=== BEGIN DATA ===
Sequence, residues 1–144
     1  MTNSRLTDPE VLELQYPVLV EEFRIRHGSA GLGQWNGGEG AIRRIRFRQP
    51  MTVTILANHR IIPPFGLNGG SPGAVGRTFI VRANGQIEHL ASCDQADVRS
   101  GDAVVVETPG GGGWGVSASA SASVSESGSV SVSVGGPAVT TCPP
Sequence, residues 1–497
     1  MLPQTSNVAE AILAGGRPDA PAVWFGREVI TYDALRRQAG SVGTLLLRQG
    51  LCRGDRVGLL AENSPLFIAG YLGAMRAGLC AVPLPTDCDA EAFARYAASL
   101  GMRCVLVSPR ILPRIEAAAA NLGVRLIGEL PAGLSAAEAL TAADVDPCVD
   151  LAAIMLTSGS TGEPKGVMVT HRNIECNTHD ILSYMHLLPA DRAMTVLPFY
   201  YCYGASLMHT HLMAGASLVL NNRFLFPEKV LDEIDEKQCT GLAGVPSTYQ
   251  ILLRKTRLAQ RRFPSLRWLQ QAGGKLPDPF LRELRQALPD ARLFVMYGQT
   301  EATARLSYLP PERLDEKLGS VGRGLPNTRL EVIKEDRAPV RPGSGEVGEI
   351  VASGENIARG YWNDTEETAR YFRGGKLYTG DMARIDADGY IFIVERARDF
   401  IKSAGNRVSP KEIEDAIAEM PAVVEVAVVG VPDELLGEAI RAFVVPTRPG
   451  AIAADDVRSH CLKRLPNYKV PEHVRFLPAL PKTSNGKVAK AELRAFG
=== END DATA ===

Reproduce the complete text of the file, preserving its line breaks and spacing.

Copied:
Sequence, residues 1–144
     1  MTNSRLTDPE VLELQYPVLV EEFRIRHGSA GLGQWNGGEG AIRRIRFRQP
    51  MTVTILANHR IIPPFGLNGG SPGAVGRTFI VRANGQIEHL ASCDQADVRS
   101  GDAVVVETPG GGGWGVSASA SASVSESGSV SVSVGGPAVT TCPP
Sequence, residues 1–497
     1  MLPQTSNVAE AILAGGRPDA PAVWFGREVI TYDALRRQAG SVGTLLLRQG
    51  LCRGDRVGLL AENSPLFIAG YLGAMRAGLC AVPLPTDCDA EAFARYAASL
   101  GMRCVLVSPR ILPRIEAAAA NLGVRLIGEL PAGLSAAEAL TAADVDPCVD
   151  LAAIMLTSGS TGEPKGVMVT HRNIECNTHD ILSYMHLLPA DRAMTVLPFY
   201  YCYGASLMHT HLMAGASLVL NNRFLFPEKV LDEIDEKQCT GLAGVPSTYQ
   251  ILLRKTRLAQ RRFPSLRWLQ QAGGKLPDPF LRELRQALPD ARLFVMYGQT
   301  EATARLSYLP PERLDEKLGS VGRGLPNTRL EVIKEDRAPV RPGSGEVGEI
   351  VASGENIARG YWNDTEETAR YFRGGKLYTG DMARIDADGY IFIVERARDF
   401  IKSAGNRVSP KEIEDAIAEM PAVVEVAVVG VPDELLGEAI RAFVVPTRPG
   451  AIAADDVRSH CLKRLPNYKV PEHVRFLPAL PKTSNGKVAK AELRAFG